When Karen Shayne finished her last chemotherapy treatment for cancer she was declared “in remission” and a “survivor.” She looked in the mirror and asked herself “What next?” She realized that surviving cancer has more impact on one’s life than simply returning to the way things were. Instead, there are many questions, we feel different and experiences are new again. There is a “new normal.”
Karen dealt with her questions and her “new normal” by participating in the American Cancer Society’s Relay For Life and began volunteering for the American Cancer Society beginning in 1998. She also formed her first non-profit organization for children, called Billy’s Wish, which created materials for children with cancer in 2001.
But Karen still sensed a need to help other women cancer survivors and envisioned the beginnings of Women Survivors Alliance with an annual convention to be held in Nashville. She went to work organizing the first-ever National Women’s Survivors Convention held in 2013 – bringing together 846 women from 49 states and 5 countries who had survived cancer with 112 cancer organizations from around the world.
The convention program was anything but conventional. It was designed to help women address issues related to their “new normal” – issues such as lingering or undetected side effects caused by chemotherapy, hot flashes, sexual dysfunction and significant self-image issues etc. It also provided an environment to empower and give a voice to the survivors who have been given a second chance in life to advocate for themselves and others.
“I volunteer my time with my non-profit – usually 12-16 hours a day – basically all the time – to manage all the working parts with survivors from around the globe. It’s hard work,” Karen says, “but when you realize you’re changing lives, it becomes the drive that keeps you going – even through the tough times. I volunteer to not just give back, but to honor,” she added.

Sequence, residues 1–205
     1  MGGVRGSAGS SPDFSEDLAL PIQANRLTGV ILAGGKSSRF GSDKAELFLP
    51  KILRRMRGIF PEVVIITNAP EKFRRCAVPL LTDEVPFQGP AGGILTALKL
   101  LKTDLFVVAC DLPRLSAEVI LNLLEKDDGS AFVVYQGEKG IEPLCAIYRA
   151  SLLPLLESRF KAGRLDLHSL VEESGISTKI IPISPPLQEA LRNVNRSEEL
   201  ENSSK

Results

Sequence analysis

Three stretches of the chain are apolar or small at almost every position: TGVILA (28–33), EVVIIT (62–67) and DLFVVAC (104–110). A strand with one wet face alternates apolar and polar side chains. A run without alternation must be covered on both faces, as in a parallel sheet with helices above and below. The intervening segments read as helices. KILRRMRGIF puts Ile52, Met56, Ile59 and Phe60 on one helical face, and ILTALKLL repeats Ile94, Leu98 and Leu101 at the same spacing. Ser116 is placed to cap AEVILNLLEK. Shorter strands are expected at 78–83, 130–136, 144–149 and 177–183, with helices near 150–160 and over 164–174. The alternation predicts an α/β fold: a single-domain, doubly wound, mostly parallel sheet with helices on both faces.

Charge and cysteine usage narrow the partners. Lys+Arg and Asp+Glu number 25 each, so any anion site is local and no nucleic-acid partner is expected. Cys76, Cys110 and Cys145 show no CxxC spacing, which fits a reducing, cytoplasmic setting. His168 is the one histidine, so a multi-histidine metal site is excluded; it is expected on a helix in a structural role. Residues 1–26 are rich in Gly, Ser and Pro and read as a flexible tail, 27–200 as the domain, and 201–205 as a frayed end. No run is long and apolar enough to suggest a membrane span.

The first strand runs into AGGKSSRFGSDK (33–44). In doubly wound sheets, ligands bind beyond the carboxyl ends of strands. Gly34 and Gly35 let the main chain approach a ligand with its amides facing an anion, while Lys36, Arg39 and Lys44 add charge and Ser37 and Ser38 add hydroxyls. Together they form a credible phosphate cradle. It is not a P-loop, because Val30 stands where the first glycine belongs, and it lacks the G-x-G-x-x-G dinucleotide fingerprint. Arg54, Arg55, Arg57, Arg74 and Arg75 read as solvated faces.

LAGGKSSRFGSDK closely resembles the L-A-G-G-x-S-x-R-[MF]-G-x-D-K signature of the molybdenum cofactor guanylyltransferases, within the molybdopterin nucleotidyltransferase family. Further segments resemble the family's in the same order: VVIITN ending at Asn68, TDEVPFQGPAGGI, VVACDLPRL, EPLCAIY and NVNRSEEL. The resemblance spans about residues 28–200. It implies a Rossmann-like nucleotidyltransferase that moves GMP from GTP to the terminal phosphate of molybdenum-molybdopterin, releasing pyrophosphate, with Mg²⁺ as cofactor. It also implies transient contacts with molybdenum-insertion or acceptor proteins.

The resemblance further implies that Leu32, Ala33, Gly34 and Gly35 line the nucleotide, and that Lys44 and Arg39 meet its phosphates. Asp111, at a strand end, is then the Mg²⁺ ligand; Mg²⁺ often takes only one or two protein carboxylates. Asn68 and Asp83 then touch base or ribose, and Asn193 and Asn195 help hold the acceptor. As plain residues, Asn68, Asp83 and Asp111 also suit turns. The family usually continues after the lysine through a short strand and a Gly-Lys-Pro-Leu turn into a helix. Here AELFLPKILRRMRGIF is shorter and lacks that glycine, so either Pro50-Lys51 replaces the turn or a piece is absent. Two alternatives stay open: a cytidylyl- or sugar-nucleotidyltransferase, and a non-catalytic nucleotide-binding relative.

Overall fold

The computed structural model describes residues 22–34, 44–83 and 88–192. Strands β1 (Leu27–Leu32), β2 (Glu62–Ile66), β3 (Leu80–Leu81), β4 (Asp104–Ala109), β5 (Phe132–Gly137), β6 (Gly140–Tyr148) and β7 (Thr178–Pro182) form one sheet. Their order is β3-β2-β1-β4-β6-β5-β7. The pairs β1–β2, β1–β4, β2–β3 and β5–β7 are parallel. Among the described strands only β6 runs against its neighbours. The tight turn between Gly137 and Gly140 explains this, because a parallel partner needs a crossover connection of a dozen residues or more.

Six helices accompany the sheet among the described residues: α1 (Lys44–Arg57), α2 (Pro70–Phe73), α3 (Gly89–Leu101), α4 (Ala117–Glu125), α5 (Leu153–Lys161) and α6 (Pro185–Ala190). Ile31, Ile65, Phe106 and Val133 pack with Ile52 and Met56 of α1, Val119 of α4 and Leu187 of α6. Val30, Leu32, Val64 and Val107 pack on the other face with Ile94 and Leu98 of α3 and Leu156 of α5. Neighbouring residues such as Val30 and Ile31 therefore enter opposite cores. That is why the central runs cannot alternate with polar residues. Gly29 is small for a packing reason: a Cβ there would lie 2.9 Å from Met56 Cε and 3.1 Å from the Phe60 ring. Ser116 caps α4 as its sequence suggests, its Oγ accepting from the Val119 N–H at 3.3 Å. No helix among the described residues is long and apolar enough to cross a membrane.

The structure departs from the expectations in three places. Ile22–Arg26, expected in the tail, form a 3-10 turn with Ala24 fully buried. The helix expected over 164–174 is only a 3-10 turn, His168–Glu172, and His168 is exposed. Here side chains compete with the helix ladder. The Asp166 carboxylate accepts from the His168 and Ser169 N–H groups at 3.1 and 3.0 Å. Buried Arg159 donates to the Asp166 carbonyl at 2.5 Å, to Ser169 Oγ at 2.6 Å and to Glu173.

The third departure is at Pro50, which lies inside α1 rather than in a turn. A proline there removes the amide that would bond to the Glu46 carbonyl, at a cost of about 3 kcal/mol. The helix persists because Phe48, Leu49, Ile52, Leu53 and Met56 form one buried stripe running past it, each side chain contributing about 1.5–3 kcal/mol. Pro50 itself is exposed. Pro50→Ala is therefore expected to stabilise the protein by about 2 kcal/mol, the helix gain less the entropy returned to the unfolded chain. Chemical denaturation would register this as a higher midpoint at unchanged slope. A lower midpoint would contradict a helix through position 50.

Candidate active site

“I was greatly influenced by my grandmother, Charlotte (Mama) Spivey. She was a remarkable women and my hero. Her hard work and philosophy of giving back were my models,” Karen said. “When I volunteer, somehow it makes me feel like I am honoring her life. My work keeps her alive in my heart.”
Karen is living her life with a new normal and is transforming survivorship from a mood to a movement by empowering, educating and connection women whose lives have been touched by cancer. And she’s hard at work on the next National Women’s Survivors Convention to be held at the Gaylord Opryland Convention Resort in Nashville July 31-August 2, 2014. For more information see www.survivorville.org.
Doing Good is proud to recognize Karen Shayne as Nashville’s Volunteer of the Month for February.
Join the Conversation: What cause has a personal meaning for you? What are you doing to honor the heroes in your life? What legacy do you want to leave?
Blog Written by: Karen E. Williams, a volunteer with Doing Good, an organization dedicated to promoting volunteerism. The website is www.DoingGood.tv. Nashville’s Volunteer of the Month is a free program which educates and inspires others to volunteer by sharing stories of local volunteers through media partners.
First her mother died from cancer. Eighteen months later her father died. Jocelyn McCoy was devastated. But with time and the sage advice of a wise woman, Jocelyn found her way out of the devastating grief by volunteering.
“I was looking for a way out of the valley I was in following the deaths of my parents when a smart lady suggested that I think about taking on some of the things my mother was passionate about and that would have made her happy. That was the best advice I ever received,” Jocelyn said. “Mother had instilled in all seven of us children the value of giving and the notion of doing something to make others happy. We were a ‘family of givers’ so it wasn’t hard to get involved. And giving to others helped me heal.”